Paying in German — bezahlen vs. zahlen

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Paying in German — bezahlen vs. zahlen

Anyone who has visited or lived in the German speaking world will be familiar with this scenario. You popped into a restaurant for something to eat and drink. The food was quite good and the service was, well… it was what it was. You’ve had your food and now you’d like to pay. You’ve tried to make eye contact. The waiter / waitress (der Kellner / die Kellnerin) is bustling about taking care of other guests or just simply out of sight. And then it happens you catch their attention and you’re quick to seize the moment and make the international sign for the bill (die Rechnung / die Zeche). You get the nod and you’re sure that you’ll be out in a jiffy, but instead of just going and getting the bill the waiter comes over and asks: “Was darf’s sein?” At that moment your brain hits a fork in the road. Do you say: “Ich möchte bitte zahlen.” or “Ich möchte bitte bezahlen.” What is the difference between the two or is there even one?

To say there is no difference between the two, would make one of the words simply superfluous and mean that it really should have just died out, so there must be a difference, be it ever so slight.

Let’s look at the meaning of bezahlen and zahlen.

Words commonly used together with “bezahlen”


1. a. für etwas den Gegenwert in Geld zahlen (to pay the equivalent value for something with money)


Im Restaurant: Ich möchte bitte bezahlen! (In a restaurant: I would like to pay.)
Am liebsten bezahle ich mit Schweizer Franken. (I would prefer to pay in Swiss francs.)

b. jemandem für eine Arbeit Geld geben, zahlen; jemanden entlohnen (to give/pay someone for work; to remunerate someone)


Ich muss die Babysitterin noch bezahlen. (I still have to pay the babysitter.)

2. (Geld) als Gegenleistung geben (to give money as compensation)


Sie hat ihm 100 Franken für die alten Schallplatten bezahlt. (She paied him 100 francs for the old records.)

3. Einen Geldbetrag demjenigen zukommen lassen, der ihn fordert, dem er zusteht (to give someone a sum of money, which he requests and to which he is entitled)


Der Vermieter hat heute angerufen. Er sagte, dass wir die Miete heute bezahlen müssen. (The landlord called today. He said that we have to pay the rent today.)

Words commonly used with “zahlen”


1.a. (einen Geldbetrag) als Gegenleistung o. Ä. Geben, bezahlen (to pay or give a sum of money or the equivalent as compensation for something.)


Den Betrag zahle ich per Überweisung. (I’ll pay the amount due with a bank transfer.)
Im Restaurant: Ich möchte bitte zahlen. (In a restaurant: I would like to pay.)

b. Eine bestehende Geldschuld tilgen, besonders etwas regelmässig zu Entrichtendes bezahlen (to settle an existing money debt, especially where a periodical fee/sum/charge must be paid)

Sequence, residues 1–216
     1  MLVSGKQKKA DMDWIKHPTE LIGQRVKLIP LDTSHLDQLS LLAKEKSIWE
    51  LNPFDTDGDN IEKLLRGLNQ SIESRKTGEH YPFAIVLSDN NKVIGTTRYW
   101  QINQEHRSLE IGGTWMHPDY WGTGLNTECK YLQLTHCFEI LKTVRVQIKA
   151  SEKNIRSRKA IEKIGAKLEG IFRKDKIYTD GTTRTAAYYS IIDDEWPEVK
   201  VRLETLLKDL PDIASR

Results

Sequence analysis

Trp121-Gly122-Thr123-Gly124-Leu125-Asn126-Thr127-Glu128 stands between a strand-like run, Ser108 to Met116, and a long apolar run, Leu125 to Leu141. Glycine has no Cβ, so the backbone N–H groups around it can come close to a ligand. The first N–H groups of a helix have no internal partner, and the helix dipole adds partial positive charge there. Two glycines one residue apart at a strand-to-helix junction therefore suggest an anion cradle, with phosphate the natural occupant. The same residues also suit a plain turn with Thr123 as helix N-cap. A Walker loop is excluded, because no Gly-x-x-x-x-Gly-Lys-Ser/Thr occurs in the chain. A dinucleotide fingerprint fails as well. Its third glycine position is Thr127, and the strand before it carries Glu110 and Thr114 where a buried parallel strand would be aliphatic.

Jeden Monat müssen die Müllers 3850 Franken Miete zahlen. (The Müllers have to pay 3850 francs a month in rent.)
Seit der Scheidung muss Moritz ihr Unterhalt zahlen. (Since the divorce, Moritz has to pay her alimony.)

2.a. (umgangssprachlich) (eine Ware, eine Dienstleistung) bezahlen (colloquial: to pay for an item or a service)


Alfred muss die Reparatur selber zahlen. (Alfred has to pay for the repair himself.)
Den Schaden zahlt AXA Winterthur. (AXA Winterthur will pay for the damage.)

b. (umgangssprachlich) bezahlen (colloquial: to pay)


Wie viel zahlst du deine Putzfrau? (How much do you pay your cleaning lady?)
Die Firma zahlt recht ordentlich. (The company pays quite well.)

“Zahlen bitte!”

As you can see there is little difference and you can use both when you finally get the waiter’s attention. The more you learn and listen to native speakers the more you’ll intrinsically use the correct word. A simple rule of thumb is that bezahlen is explicitly for payment in money and zahlen is used when we’re talking about periodical payments. The past participle bezahlt is definitely used more than gezahlt.

One other thing to remember is that Zahlen is also the plural for the German word die Zahl (number).

The German prefix be-

Just before we end this week’s post, I just want to point out some features of the prefix be- when used for German verbs.

The prefix be- has the following meanings:

1. part of a word that describes a process or change of state z.B. befeuchte


Briefmarken muss man vor dem Aufkleben erst befeuchten. (One must moisten stamps before applying them.)

2. a word part, which describes a contact z.B begreifen


Kinder begreifen alle Gegenstände, um sie zu verstehen. (Children grab/touch all objects in order to understand them.)

3. part of a word that describes an engagement or thematization with something z.B. bezahlen


Das müssen sie ja schon bezahlen! (You’ll have to pay for that.)

The prefix be- is not separable so don’t place it at the end of a sentence. Also remember that the past participle of verbs with be- does not take a ge. bezahlen –> bezahlt

The last verb you’ll need to watch out for that you don’t use incorrectly for paying is zählen. That verb means “to count.” “Ich möchte bitte zählen.” means “I would like to count.” If you get a witty waiter, he might ask you what you’d like to count.

  1. German-is-easyGerman-is-easy05-14-2012

    🙂 and if do happen to say “zählen” and you do have a witty waitor, the right answer would be “Your tip… cause that won’t take so long.”

    Seriously… I have had arguments with students about how there MUST be a difference and I just coudln’t really get a hold of it… I work in a bar too and I think that the upper middle class tends to say “zahlen” … prefixes are for precarity… but it might also be on account of the fact that the upper middle class in the area where I work comes from southern Germany so maybe it is a regional thing….

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